https://www.foxnews.com/opinion/tucker-carlson-ukraine-russia-chinese-government

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    1. “American journalist Tucker Carlson has been presenting a no-holds-barred realist critique of his country’s foreign policy elites in regards to the Ukraine. I am surprised, frankly, that has not yet been taken off the air.”

      I’m sure you aware that, through his sun Hunter, Biden received bribes from Russian oligarchs and Ukrainian pro-Russian oligarchs. Why would the Biden administration be motivated to do anything against Russia? Tucker unwittingly is saying exactly what Biden wants to be said.

      “Realists would say that Russia’s security concerns here are far from being “small and pedestrian””

      The problem is that these security concerns are an American narrative. It was invented here for domestic consumption. At the time when Russia invaded Ukraine in 2013, there was no support in Ukraine for joining the NATO. There was no political force or popular initiative to seek NATO membership. NATO fears are not how Russians themselves explain what they are doing. It would be strange if they were given that it then becomes complicated to explain Russia’s military adventures in Africa, Syria and Latin America. I suggest looking into how Russians themselves explain their foreign policy.

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      1. “these security concerns are an American narrative”

        I do not want to be disagreeable, you have a right to your opinion, it was hard won, I respect it.

        Nonetheless – realists would say that narratives don’t matter very much, it’s the underlying structural realities of “interests defined in terms of power” that determines the course of international relations.

        It’s simply my point that the alliance between western idealists/constructivists and the west’s military-industrial complex created destabilization, destruction, and death in the international order since the end of the Cold War. Full of their own zeal, it’s these folks who expanded NATO membership right up to Russia’s borders. The resulting international instability serves the institutional and ideological interests of the west’s permanent war party.

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        1. “folks who expanded NATO membership right up to Russia’s borders”

          And who was the driver of NATO expansion? Hint…. it wasn’t the US or NATO itself, it was the citizens of the countries that have joined who really, really really want a hedge against Russian military aggression (a very well founded and realistic fear).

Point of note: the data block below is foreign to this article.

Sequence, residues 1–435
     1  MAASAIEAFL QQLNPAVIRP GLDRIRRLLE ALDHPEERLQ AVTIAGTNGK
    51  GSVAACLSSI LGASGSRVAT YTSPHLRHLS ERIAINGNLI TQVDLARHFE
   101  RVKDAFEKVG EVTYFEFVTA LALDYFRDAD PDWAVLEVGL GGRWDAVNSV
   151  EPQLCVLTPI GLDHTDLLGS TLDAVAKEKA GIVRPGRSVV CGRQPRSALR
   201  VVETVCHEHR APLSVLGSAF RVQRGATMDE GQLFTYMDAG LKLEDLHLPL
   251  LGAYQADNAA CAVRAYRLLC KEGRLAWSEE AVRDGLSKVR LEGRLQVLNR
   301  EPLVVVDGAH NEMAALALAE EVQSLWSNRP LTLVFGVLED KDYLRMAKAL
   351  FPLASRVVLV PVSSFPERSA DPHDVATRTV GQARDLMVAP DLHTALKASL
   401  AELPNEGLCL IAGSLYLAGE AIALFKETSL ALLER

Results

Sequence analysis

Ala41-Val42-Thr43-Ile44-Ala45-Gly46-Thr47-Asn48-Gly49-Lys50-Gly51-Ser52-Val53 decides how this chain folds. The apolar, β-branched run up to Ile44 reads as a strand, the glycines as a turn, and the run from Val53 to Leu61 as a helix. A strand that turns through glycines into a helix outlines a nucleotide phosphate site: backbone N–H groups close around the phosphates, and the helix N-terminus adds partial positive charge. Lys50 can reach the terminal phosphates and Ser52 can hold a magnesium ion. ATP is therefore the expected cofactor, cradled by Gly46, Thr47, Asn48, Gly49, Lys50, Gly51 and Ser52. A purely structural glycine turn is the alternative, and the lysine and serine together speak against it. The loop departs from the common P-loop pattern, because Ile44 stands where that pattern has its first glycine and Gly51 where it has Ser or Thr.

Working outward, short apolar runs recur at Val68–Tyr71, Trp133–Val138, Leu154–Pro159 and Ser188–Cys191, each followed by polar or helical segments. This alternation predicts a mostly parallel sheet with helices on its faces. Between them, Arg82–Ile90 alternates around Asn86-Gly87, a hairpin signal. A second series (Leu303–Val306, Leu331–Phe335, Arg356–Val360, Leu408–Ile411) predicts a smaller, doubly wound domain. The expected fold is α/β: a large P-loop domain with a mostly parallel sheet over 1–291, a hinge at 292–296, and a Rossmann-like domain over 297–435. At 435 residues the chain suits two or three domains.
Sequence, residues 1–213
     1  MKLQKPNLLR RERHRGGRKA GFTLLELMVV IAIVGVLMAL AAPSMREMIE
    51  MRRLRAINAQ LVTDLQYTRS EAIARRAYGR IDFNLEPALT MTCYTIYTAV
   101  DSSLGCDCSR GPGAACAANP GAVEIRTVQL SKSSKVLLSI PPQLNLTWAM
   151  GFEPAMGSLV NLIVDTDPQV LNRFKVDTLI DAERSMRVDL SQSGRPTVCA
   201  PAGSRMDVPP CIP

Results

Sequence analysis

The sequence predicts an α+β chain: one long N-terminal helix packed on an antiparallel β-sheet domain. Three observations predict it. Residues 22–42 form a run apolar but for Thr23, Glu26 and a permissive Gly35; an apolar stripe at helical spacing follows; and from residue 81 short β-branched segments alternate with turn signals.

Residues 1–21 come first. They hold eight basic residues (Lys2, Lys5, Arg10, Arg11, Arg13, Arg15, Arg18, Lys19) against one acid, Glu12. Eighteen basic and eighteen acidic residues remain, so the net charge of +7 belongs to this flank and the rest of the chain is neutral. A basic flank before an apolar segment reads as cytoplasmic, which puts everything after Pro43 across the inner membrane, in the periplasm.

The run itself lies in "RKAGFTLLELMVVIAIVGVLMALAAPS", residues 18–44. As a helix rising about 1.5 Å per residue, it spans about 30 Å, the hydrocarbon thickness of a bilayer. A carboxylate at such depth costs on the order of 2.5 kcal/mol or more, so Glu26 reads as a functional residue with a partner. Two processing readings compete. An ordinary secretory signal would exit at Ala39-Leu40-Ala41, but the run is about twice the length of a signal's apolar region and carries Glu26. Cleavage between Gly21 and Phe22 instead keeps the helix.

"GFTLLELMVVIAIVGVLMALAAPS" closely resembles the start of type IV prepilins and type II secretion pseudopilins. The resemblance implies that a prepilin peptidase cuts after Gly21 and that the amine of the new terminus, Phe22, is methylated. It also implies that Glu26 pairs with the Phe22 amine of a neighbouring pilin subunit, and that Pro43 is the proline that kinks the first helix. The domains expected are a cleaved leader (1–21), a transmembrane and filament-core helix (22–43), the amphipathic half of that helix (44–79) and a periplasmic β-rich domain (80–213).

Who should decided whether a country should join NATO, the Russian government or the citizens of the country in question?

          Liked by 1 person

          1. A shared problem on both the left and the right in America is the desire to attribute everything, the good and the bad, to America. But sometimes things are just not about you. These countries are afraid of Russian aggression because they experienced 300 years of it. This all started before the US even existed. The world isn’t a blank slate for Americans to write on.

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            1. Quite a bit of the aggression over the last 300 years was directed at Russia as well. I would expect that is the part the Russians focus on.

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          2. “the citizens of the country…”

            Have almost no influence on determining their state’s international politics. Ever. Anywhere.

            But the governing elites of the post-Soviet states are acutely aware that they would be out of business (and likely in prison) if their fiefdom was ever to fall back into the Russian sphere of influence.

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        2. This I completely agree with. Where I disagree is that Russia is motivated to do anything by the NATO expansion. If NATO were disbanded – which I support – that would not make Russia desist from invading Ukraine. Putin said openly many times that he wants to reestablish the USSR.

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          1. “he wants to reestablish the USSR”

            Which will not be enough as Soviet mismanagement meant its abundant potential was largely wasted and could only be kept going if it had a set of colonies to exploit (like the Warsaw Pact). Why would anyone think it would be different the second time around?

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          2. “Putin said openly many times that he wants to reestablish the USSR.”

            Yes, because…

            “International politics, like all politics, is a struggle for power. Whatever the ultimate aims of international politics, power is always the immediate aim.” Morgenthau

            “The international system has several defining characteristics. The main actors are states that operate in anarchy — which simply means that there is no higher authority above them. All great powers have some offensive military capability, which means that they can hurt each other. Finally, no state can know the future intentions of other states with certainty. The best way to survive in such a system is to be as powerful as possible, relative to potential rivals. The mightier a state is, the less likely it is that another state will attack it… The best outcome that a state can hope for is to dominate its own backyard… In the anarchic world of international politics, it is better to be Godzilla than Bambi.” Mearsheimer

            Btw, I don’t always see the world through realist eyes. Sometimes the constructivists have more to offer in understanding events or regimes international politics – but not in this case, methinks.

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    1. Absolutely true about Russia’s demographics.

      However, there’s one thing that this author overlooks. Putin is an open-border globalist. He’s not in the least wedded to the goal of preserving Russians as an ethnic group. He began Russia’s Great Replacement years ago. If the ethnically Russian boys die en masse (or altogether), he has a much more pliable and cowed population all ready. That’s why Russian nationalists hate Putin so much and why he’s had so many of them killed. He’s the original Great Replacement politician.

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      1. And it’s really, really sad that so many people (I don’t mean you, I mean people on the news) confidently offer opinions about Russia and have absolutely no knowledge about its demographic situation, the great replacement, the grievances of Russian nationalists, etc. I’ve even heard people seriously refer to Putin as a nationalist! It’s like calling Biden a brainiac.